Academic genealogy

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An example of an academic genealogy, the supervisorial relationship between Dutch topologist Johannes De Groot and his namesake, also a Dutch topologist descended from the senior De Groot via four different paths of academic supervision

An academic, or scientific, genealogy, organizes a family tree of scientists and scholars according to dissertation supervision relationships.

The academic lineage or academic ancestry of someone is a chain of professors who have served as thesis advisors of each other, ending with the person in question. Many genealogical terms are often recast in terms of academic lineages, so one may speak of academic descendants, children, siblings, etc.

There are sites such as the Mathematics Genealogy Project[1][2] devoted to documenting academic lineages for specific subject areas. However, not all the links recorded in databases of this type are formal advisor-advisee relationships; for instance, the University of Cambridge did not require a formal doctoral thesis until 1919, and academic genealogies that include earlier Cambridge students tend to substitute an equivalent mentor.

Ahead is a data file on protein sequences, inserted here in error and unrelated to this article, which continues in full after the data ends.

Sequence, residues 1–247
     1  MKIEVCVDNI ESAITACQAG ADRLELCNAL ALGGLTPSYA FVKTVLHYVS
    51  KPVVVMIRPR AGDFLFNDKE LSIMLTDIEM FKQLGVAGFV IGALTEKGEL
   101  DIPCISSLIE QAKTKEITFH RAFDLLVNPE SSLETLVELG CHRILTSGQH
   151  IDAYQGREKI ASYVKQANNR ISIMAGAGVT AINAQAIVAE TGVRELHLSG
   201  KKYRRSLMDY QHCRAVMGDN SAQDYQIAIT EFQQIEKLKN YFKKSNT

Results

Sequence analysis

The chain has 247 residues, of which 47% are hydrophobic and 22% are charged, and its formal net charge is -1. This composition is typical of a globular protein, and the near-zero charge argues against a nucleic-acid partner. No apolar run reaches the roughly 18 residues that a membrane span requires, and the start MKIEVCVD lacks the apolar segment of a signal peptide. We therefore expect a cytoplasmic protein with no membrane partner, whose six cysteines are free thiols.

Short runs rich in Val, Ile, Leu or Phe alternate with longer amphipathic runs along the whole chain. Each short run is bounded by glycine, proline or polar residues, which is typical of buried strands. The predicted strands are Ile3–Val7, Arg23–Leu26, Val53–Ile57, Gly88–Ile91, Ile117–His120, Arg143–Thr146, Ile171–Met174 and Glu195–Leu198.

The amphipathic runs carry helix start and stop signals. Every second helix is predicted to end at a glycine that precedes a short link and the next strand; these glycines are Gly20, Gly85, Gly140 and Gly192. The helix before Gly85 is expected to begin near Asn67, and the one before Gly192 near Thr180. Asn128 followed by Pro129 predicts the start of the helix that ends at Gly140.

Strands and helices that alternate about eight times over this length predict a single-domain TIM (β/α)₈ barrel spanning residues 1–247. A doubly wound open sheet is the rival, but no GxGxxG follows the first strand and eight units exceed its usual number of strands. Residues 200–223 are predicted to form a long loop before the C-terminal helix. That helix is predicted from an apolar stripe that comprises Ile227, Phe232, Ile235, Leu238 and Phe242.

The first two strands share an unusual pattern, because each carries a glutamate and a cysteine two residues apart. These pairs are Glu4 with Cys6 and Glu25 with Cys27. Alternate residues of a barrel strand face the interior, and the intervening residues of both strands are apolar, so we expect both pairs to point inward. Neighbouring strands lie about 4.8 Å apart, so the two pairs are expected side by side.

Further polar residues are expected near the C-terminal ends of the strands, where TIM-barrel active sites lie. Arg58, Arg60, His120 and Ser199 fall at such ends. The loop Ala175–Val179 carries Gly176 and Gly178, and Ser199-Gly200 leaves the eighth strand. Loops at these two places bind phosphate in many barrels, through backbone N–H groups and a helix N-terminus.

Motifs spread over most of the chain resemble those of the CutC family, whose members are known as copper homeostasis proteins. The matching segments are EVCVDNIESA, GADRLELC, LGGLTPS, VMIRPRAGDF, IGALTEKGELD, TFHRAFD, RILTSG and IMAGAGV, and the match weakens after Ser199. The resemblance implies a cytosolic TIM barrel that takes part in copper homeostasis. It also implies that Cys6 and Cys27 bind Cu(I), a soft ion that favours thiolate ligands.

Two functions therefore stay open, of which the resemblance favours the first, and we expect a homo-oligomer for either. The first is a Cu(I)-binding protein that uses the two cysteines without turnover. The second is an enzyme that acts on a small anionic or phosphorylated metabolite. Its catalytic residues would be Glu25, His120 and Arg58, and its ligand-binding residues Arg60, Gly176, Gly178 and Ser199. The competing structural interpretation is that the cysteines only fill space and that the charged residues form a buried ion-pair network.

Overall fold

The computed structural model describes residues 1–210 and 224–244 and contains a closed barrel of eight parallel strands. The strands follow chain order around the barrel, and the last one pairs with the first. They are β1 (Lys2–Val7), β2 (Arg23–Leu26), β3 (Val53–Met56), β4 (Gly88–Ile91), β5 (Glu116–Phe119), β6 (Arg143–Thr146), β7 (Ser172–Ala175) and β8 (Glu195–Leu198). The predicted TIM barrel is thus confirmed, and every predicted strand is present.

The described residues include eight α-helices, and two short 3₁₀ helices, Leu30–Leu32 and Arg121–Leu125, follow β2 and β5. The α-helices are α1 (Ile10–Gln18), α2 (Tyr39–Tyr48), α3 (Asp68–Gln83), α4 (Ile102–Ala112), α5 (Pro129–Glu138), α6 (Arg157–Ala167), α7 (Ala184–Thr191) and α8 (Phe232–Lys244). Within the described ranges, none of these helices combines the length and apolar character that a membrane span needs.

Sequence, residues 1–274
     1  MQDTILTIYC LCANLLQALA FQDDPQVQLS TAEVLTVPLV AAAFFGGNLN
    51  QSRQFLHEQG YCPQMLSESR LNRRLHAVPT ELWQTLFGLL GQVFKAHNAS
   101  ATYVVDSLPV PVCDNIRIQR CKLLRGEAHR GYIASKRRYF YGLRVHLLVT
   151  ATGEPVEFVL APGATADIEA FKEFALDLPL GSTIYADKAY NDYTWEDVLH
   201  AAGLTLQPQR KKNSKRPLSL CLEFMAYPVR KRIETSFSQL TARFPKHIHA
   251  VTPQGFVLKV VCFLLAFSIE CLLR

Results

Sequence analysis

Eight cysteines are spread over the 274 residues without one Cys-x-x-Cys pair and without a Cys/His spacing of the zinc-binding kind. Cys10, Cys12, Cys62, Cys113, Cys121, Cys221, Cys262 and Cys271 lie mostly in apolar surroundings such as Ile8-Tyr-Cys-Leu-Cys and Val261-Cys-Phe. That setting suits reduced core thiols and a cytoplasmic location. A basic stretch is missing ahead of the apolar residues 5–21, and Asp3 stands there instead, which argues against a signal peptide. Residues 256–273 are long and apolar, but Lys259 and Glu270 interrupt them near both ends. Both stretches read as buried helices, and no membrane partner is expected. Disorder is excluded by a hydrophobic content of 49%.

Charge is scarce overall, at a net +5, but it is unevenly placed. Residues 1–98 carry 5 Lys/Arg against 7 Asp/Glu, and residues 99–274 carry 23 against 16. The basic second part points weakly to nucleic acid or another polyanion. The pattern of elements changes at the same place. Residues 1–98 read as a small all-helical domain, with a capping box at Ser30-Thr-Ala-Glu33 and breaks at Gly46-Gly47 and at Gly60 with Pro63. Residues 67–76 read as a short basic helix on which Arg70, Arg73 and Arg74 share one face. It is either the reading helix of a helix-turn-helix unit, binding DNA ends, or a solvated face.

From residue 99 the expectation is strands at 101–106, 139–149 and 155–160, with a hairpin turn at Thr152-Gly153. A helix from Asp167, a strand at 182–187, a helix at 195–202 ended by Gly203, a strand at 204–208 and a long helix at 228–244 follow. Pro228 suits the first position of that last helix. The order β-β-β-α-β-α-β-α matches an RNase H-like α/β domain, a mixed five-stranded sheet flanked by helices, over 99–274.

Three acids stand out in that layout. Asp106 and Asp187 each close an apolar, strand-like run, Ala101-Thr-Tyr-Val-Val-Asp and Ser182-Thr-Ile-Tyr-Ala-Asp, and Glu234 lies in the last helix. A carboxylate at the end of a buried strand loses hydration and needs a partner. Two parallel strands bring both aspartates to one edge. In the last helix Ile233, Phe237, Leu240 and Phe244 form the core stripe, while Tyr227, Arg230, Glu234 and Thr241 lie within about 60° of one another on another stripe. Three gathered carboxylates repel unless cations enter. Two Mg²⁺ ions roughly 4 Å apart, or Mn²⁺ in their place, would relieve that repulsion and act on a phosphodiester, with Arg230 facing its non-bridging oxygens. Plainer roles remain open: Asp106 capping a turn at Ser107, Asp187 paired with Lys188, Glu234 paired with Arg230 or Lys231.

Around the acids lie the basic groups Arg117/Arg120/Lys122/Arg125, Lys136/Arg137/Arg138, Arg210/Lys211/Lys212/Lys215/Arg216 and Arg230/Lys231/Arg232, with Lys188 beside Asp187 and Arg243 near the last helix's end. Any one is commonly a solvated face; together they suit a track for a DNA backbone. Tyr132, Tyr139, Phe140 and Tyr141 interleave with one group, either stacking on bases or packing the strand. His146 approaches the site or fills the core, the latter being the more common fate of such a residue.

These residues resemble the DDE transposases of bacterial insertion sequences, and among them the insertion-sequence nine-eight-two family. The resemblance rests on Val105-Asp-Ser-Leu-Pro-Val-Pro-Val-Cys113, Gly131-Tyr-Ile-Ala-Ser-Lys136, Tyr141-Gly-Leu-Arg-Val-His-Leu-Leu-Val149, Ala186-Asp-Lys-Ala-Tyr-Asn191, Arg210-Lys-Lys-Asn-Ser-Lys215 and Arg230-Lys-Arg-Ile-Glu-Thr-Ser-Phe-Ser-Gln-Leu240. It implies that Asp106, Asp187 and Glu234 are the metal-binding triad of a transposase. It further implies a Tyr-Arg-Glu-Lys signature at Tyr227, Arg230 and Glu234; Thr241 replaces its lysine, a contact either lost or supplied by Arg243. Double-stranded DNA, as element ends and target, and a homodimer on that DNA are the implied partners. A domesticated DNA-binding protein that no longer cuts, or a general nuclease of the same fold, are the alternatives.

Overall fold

Academic genealogies are particularly easy to research in the case of Spain's Doctor degrees, because until 1954 only Complutense University had the power to grant Doctorates. This means that all holders of a Doctor degree in Spain can trace back their academic lineage to a Doctoral supervisor who was a member of Complutense's Faculty.


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